I still have a vivid memory of the day I discovered (and bought) my first QST magazine. It was in February, 1959, and I had recently turned 11 years of age.
It seems I was doomed from a very tender age and, as it turned out, there was little hope of recovery.
It was a Friday night and I had gone with my parents, as we did every Friday night following dinner, to the Eaton's department store in downtown Vancouver.
I recall debating to spend my small allowance on the costlier QST (55 cents) or the cheaper (40 cents) Popular Electronics. I found the technical-looking cover too overpowering, bit-the-bullet, and shelled-out for the QST ... that extra 15 cents forever sealing my fate.
As I sat in the back seat of the car (a '53 Chevy Sedan), waiting for my parents to finish their grocery shopping, I browsed through the QST. In truth, I understood very little but was particularly captivated with the station photographs in Rod Newkirk's "How's DX" column. One photograph in particular has remained in my memory through all these years, that of a young-looking "HS1JN" at the operating position from his exotic location in Thailand, along with Newkirk's equally enchanting description ... powerful stuff for a young mind eager to soak-up all of this new 'radio' stuff.
A recent internet search turned up snippets of information about the young Naval Researcher, Jamnong Saowanna, now SK, who eventually rose to the rank of Captain in the Thai Navy and was later instrumental in legitimizing amateur radio in Thailand. Apparently, back then, ham radio in Thailand had been unsanctioned and not officially approved by the government. HS1JN's original QSL also shows up, in the collection of K8CX, shown below.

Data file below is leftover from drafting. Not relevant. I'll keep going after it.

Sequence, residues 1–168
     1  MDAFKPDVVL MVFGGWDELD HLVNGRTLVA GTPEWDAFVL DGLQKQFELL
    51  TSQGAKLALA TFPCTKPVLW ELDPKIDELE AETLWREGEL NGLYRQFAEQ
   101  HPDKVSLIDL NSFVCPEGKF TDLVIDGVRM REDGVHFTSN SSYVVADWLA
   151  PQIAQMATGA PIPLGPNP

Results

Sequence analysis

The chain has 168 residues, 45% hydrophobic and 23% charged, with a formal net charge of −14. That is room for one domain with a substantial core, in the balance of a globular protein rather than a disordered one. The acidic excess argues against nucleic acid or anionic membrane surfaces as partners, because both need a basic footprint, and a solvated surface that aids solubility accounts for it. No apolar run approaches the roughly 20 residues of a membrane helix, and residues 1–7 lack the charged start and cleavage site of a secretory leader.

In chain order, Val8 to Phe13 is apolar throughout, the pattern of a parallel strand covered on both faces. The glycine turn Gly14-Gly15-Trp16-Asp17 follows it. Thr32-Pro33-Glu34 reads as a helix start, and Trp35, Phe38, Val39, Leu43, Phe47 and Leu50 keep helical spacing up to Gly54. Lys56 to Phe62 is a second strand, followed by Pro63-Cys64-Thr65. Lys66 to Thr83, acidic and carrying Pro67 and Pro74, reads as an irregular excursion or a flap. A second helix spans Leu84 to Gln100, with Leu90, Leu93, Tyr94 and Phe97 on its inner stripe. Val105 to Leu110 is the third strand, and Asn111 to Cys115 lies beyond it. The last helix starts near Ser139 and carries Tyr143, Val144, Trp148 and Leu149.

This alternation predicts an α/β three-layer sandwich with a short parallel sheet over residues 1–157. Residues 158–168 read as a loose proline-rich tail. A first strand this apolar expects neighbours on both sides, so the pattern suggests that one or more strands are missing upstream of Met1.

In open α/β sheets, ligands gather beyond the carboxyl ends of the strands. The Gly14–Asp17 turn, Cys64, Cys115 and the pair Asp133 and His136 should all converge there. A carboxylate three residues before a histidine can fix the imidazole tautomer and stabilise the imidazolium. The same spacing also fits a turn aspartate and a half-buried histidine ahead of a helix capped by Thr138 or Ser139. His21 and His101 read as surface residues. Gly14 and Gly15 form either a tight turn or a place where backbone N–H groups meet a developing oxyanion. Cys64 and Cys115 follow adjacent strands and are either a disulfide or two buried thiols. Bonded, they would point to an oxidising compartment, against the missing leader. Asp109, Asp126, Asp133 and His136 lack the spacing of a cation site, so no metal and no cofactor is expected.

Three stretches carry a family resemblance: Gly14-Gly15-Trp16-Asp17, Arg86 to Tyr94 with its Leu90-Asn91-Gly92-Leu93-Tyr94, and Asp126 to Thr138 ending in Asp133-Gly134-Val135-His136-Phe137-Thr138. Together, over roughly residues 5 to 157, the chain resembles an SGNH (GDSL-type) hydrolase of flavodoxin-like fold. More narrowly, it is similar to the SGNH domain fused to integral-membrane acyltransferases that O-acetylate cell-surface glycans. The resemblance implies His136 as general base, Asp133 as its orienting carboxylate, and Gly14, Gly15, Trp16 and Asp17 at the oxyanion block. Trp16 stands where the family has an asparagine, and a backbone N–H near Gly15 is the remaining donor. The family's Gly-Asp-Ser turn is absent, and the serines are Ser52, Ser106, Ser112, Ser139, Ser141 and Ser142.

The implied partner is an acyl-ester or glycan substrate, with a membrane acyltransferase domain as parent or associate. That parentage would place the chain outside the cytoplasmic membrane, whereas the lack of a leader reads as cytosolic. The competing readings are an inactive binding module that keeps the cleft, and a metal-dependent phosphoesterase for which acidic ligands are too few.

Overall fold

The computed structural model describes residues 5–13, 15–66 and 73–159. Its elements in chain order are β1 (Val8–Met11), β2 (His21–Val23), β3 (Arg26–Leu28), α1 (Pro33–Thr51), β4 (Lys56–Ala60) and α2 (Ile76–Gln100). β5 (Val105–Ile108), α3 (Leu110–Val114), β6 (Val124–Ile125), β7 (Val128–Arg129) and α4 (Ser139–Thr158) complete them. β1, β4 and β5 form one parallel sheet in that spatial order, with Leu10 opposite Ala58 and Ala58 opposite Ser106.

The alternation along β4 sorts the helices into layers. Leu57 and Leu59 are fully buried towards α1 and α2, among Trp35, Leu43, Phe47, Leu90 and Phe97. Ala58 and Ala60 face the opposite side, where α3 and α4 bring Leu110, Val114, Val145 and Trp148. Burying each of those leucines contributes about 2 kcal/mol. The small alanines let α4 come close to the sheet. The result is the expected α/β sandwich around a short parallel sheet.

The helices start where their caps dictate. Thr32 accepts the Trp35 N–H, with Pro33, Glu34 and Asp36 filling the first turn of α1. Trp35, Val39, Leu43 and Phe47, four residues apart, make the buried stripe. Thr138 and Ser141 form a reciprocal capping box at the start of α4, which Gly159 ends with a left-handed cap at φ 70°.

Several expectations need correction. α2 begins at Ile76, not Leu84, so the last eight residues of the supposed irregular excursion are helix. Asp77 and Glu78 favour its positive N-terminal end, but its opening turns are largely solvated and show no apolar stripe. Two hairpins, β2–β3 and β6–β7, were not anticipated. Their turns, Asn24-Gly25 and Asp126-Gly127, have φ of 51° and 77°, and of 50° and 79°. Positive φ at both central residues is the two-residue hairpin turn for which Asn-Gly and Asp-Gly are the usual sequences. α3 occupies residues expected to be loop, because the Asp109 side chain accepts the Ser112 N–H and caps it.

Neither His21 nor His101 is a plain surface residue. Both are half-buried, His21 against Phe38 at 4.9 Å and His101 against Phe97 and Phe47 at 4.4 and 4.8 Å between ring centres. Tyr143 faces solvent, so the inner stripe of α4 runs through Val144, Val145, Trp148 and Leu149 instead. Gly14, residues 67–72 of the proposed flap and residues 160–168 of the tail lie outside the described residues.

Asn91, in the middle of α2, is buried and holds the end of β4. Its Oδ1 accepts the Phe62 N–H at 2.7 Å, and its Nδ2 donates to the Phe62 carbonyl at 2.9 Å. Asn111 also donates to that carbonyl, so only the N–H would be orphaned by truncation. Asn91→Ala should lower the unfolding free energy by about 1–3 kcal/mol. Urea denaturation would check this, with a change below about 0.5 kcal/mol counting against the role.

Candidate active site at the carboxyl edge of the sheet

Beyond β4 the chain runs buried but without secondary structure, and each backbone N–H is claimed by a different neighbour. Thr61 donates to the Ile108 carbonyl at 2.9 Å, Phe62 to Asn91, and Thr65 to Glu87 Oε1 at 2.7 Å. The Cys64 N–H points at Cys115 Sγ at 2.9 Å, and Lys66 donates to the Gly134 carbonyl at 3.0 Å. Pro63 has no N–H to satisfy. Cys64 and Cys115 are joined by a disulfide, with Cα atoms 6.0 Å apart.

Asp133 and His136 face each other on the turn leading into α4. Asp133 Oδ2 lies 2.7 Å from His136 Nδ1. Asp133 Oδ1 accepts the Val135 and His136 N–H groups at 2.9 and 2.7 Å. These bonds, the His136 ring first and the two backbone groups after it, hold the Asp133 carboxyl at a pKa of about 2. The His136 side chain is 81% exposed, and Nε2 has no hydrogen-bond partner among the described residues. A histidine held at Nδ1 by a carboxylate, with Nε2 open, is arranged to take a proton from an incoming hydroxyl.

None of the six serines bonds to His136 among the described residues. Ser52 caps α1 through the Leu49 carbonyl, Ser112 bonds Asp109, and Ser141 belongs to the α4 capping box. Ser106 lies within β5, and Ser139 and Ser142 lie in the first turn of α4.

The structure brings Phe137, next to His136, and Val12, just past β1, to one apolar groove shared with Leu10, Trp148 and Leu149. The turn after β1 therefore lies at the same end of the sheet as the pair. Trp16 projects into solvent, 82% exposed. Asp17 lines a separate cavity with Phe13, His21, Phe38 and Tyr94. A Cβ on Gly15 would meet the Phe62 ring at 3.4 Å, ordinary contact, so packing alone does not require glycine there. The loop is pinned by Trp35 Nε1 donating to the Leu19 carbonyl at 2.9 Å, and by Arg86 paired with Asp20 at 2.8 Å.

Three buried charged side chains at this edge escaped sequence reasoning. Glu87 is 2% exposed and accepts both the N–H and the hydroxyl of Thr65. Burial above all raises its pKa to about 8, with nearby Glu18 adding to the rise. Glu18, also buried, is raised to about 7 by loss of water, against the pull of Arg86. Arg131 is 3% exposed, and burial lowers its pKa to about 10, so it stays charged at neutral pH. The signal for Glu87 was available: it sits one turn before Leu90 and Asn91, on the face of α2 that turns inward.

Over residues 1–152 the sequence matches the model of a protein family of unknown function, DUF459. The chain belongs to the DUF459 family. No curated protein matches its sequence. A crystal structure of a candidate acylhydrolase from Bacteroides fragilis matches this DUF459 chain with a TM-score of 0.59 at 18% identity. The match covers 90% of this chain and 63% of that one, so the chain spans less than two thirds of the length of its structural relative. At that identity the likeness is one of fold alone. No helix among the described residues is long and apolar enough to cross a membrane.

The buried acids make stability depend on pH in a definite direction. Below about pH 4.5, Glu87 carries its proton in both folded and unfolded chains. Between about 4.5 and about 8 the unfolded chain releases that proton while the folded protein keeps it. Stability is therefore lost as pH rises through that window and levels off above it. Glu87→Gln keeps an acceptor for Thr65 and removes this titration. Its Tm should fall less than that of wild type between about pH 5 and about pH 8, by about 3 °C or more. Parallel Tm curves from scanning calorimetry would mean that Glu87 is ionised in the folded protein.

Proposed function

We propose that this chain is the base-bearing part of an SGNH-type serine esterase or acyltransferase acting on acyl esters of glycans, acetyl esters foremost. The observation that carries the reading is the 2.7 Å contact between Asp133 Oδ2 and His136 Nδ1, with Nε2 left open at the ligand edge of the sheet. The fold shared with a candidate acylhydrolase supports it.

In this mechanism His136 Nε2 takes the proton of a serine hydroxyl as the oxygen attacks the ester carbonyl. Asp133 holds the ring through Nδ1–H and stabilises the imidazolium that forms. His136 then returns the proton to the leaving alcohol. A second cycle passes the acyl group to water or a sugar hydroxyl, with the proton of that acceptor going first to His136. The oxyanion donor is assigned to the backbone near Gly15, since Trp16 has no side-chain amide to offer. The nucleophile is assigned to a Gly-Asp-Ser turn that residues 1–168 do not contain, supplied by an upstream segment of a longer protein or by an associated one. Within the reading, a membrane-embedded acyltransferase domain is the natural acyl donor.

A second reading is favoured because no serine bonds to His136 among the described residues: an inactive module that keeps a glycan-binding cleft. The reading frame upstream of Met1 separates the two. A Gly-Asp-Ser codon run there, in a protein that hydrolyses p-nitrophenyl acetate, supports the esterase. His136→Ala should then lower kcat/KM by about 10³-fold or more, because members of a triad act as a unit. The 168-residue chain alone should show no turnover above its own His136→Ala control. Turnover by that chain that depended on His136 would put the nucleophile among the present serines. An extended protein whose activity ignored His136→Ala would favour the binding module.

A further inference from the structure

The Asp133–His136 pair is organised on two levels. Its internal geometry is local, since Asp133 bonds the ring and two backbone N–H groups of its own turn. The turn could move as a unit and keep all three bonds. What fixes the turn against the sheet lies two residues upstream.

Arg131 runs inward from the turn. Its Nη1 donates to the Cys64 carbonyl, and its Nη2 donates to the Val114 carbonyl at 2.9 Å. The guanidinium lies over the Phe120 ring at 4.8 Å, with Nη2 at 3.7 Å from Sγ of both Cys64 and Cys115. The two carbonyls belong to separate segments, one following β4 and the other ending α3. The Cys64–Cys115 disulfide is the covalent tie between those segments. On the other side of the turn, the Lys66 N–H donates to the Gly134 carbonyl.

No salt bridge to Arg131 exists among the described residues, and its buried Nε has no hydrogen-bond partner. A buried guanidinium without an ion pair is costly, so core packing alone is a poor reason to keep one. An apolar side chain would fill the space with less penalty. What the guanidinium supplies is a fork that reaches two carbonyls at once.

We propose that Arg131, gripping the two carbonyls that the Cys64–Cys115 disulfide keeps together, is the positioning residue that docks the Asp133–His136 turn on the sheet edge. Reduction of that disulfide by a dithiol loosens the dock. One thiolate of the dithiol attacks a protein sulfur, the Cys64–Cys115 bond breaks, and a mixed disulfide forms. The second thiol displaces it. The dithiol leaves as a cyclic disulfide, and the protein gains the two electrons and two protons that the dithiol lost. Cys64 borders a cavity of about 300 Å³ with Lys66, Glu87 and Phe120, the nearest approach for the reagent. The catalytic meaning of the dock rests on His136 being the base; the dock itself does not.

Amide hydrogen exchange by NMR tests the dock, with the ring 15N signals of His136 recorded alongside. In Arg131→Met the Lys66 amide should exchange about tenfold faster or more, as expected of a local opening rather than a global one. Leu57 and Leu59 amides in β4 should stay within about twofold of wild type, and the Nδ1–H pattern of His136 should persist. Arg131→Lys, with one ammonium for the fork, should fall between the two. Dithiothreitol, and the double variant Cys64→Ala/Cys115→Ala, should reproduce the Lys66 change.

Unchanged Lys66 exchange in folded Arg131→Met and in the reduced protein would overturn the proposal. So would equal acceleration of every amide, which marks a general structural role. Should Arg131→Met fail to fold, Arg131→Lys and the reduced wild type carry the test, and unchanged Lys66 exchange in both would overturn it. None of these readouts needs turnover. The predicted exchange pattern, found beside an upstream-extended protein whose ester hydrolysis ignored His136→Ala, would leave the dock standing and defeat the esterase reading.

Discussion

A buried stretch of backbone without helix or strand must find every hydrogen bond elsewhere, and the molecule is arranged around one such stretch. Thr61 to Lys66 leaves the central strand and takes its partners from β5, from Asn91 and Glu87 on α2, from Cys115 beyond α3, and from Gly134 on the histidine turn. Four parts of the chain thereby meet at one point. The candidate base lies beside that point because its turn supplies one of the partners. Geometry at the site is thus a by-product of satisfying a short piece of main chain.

Note that it's the same card shown taped to the front panel of HS1JN's homebrew transmitter in 1959. The K8CX card, for a 15m CW QSO with W6FMK in 1969, shows that OM Jamnong was by then running 500 watts along with a Collins KWM-2 ... quite a step up, but not nearly as alluring as his 'homespun 40-watt sender' and Hallicrafters S-40 receiver.
After absorbing as much as I could from my single copy of QST, I began making weekly visits to the downtown library via bus, every Saturday morning, as it was there that I discovered I could peruse their huge bound collection of QST magazines, and borrow the latest issues, just for the asking! As well, they had a stockpile of colorfully-covered Radio Amateur Handbooks that spanned the past two decades ... it couldn't get any better.
It was at this time that I changed my listening interests from the international shortwave broadcasters and began listening to hams on my old General Electric tombstone, particularly on 20m phone on weekend nights, as the band would be open all night long ... monster Cycle 19 had just peaked and propagation was nothing short of amazing.
Between the February QST and the old GE, I never really had a chance.